Mozia – today
From 2002 to 2012 the Sapienza excavations completely revolutionized the knowledge of the ancient Motya. The excavations, directed by Lorenzo Nigro were conducted in six different areas of the island: Zone C, corresponding to the so-called “Kothon” which turned out to be the sacred pool of a temple dedicated to the god Baal ‘Addir, where they were reached the first levels of the Phoenician occupation of Mozia dating back to the first half of the 8th century BC and a series of three overlapping temples (Temple C5, C1 and C2), and, within a Temenos Circular other cult installations; the Zone D, on the western slopes of the Acropolis, where two residences have been brought to light, the “Casa del Sacello domestica” and the “Casa del Corno di Tritone”, due to interesting discoveries carried out within them, including a shell horn; Zone B, on the eastern slopes of the Acropolis, where a large building with a series of wells was brought to light, which returned an arula with a winged sphinx; Zone F, where the West Gate and the annexed Western Fortress were dug; a chapel dedicated to the goddess Astarte had been incorporated into the westernmost sector of the Fortress; in it two statues of the goddess and several arule have been found; the Tofet where the investigations, resumed in 2009 thanks to an intervention by the Superintendency of Trapani, of restoration and enhancement of the area, directed by Rossella Giglio, led to the identification of the entrance to the sanctuary where the children were sacrificed and to the discovery of a cultural environment connected to it.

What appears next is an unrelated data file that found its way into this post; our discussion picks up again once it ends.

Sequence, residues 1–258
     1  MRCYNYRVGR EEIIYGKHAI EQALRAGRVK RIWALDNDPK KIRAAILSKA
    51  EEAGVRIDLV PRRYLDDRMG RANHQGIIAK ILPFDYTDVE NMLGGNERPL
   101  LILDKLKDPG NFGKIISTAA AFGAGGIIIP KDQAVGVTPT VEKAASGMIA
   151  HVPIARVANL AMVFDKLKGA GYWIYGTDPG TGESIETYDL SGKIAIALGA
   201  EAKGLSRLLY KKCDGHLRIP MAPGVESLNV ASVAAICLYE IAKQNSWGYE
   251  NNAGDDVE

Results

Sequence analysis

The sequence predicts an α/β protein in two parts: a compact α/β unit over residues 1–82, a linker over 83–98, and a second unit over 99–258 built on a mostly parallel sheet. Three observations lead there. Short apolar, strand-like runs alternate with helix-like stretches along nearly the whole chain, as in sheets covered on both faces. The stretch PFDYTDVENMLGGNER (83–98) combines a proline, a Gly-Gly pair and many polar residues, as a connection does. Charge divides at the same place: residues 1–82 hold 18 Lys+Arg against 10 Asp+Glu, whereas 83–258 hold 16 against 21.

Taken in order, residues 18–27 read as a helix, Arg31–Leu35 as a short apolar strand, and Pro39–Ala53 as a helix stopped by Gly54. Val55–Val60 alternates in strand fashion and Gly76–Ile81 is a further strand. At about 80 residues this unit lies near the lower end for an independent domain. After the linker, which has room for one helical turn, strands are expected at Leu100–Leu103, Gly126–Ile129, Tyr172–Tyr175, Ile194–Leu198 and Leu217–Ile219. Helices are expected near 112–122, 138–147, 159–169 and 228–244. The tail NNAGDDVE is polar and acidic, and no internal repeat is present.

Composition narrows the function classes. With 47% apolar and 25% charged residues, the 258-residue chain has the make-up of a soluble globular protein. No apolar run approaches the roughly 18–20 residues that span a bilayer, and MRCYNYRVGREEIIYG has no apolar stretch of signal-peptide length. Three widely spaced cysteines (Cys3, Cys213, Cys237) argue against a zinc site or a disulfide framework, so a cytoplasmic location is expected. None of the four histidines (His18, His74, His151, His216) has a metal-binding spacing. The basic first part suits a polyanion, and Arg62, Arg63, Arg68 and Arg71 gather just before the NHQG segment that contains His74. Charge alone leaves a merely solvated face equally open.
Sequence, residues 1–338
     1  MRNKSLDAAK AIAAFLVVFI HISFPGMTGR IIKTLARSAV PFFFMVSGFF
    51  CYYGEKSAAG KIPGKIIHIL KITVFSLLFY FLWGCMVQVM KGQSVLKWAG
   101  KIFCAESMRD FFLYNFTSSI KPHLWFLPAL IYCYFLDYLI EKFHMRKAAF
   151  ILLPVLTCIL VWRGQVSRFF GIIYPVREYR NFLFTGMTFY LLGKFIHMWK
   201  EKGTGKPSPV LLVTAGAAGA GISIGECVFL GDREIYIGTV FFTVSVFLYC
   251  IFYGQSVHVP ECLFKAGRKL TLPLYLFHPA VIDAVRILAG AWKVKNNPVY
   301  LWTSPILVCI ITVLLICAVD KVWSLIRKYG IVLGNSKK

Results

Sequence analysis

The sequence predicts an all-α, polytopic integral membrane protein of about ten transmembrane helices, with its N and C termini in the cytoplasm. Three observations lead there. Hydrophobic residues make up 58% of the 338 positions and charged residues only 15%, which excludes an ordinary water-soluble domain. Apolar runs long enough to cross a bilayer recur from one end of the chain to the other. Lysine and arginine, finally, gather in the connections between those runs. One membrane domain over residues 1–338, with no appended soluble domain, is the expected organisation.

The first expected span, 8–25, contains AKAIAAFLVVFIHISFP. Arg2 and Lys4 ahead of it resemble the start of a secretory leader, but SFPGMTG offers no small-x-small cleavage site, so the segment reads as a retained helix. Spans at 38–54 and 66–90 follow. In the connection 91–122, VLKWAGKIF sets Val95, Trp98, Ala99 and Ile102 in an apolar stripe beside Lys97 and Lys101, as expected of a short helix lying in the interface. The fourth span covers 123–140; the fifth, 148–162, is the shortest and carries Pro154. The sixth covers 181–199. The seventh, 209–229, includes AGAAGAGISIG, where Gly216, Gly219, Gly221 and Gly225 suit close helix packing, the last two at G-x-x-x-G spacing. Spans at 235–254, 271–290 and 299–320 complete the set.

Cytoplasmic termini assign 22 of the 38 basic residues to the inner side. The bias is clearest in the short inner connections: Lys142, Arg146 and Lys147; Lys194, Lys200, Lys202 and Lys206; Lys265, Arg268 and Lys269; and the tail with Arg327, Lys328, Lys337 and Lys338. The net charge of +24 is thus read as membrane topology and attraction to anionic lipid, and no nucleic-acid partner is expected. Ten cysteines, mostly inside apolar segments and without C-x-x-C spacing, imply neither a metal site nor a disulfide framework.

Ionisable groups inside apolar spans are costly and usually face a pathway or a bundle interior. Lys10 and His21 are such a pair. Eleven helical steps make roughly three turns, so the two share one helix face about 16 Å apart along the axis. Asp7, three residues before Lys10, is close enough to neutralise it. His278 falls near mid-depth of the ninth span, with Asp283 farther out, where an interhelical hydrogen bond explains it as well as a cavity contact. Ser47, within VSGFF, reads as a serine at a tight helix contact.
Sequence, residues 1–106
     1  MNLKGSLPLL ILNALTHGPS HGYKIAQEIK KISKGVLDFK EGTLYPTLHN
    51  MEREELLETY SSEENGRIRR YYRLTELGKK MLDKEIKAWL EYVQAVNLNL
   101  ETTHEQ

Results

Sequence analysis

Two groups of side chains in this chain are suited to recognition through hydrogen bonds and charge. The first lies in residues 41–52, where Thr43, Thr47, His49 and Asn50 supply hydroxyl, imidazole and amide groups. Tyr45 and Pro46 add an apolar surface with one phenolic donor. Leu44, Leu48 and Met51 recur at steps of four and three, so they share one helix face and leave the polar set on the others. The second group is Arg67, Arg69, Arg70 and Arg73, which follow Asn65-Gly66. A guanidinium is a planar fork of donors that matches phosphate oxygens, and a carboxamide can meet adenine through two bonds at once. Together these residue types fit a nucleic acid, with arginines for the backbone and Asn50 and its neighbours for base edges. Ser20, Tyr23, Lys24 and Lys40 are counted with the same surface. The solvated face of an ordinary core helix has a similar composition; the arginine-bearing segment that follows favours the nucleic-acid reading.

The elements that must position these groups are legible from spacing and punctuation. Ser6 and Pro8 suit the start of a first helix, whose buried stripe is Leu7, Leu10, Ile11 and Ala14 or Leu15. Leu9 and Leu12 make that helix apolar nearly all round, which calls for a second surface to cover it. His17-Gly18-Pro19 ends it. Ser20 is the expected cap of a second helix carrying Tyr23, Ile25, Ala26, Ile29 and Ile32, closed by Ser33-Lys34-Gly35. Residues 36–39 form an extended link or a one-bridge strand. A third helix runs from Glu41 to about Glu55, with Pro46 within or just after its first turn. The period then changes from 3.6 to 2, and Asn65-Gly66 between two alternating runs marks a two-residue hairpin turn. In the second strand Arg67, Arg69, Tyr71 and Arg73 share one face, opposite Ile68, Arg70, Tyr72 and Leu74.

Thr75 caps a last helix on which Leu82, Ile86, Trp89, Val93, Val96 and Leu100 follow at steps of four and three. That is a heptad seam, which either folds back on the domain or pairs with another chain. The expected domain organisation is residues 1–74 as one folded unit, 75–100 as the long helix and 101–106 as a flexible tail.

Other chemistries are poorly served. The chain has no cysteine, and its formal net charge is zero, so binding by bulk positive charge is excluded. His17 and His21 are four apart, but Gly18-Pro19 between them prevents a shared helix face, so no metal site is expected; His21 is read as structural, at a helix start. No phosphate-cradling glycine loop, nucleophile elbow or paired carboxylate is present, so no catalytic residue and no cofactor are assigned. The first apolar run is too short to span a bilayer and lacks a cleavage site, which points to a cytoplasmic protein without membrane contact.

The Sapienza excavations led to the identification of the fresh water springs that fed the “Kothon” basin and the adjacent sacred area of the Temple of Baal. Furthermore, in the 2012 campaign the possible name of the statue known as the Young of Mozia was identified: it would be a Homeric hero, the Myrmidon Alcimedon, the occasional charioteer of Achilles ‘chariot during the battle for the recovery of Patroclus’ body under the walls of Troy (Iliad XVII).
Kothon of Mozia
The Kothon has been identified as a sacred pool connected with the adjacent Temple discovered and excavated by the Mission of Wisdom from 2002 to 2010. The tank, which was fed by a fresh water spring, through a series of seven blocks of calcarenite inserted in the marly layer, but in contact with the water table, was closed towards the Stagnone di Marsala, having been – only later – after the abandonment of Mozia, transformed into a fish basin and then into saline. On the other hand, the ancient interpretation of the swimming pool as a port installation is also disavowed by studies on the ancient water level, which was about 1 m lower than the current one (as the famous submerged road indicates). The pool was connected by a canal built with the sacred well at the center of the Kothon Temple and was compared to that of the sanctuary called “Maabed” of Amrit in Syria, a coeval Phoenician place of worship in the Kothon of Mozia (6th century BC ).
Mozia as UNESCO HERITAGE
Mozia is the candidate with the island of Lilibeo to become part of UNESCO’s protected heritage. As evidence of the Phoenician past and of the civilization that previously inhabited the coasts of Sicily, and as a rare testimony of some buildings of that era.